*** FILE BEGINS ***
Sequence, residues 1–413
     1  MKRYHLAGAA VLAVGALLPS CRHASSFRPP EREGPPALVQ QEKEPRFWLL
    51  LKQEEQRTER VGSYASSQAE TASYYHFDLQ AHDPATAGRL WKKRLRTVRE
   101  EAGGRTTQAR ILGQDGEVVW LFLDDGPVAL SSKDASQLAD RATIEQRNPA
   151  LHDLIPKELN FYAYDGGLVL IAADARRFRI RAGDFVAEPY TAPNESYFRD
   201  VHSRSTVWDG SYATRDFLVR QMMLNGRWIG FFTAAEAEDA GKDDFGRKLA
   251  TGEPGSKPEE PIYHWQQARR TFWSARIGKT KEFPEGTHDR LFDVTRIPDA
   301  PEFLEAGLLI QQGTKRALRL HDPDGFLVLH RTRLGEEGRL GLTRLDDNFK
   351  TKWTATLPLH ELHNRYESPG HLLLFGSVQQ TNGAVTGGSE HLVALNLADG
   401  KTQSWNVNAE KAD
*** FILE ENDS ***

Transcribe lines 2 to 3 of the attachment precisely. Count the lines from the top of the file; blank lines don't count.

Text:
     1  MKRYHLAGAA VLAVGALLPS CRHASSFRPP EREGPPALVQ QEKEPRFWLL
    51  LKQEEQRTER VGSYASSQAE TASYYHFDLQ AHDPATAGRL WKKRLRTVRE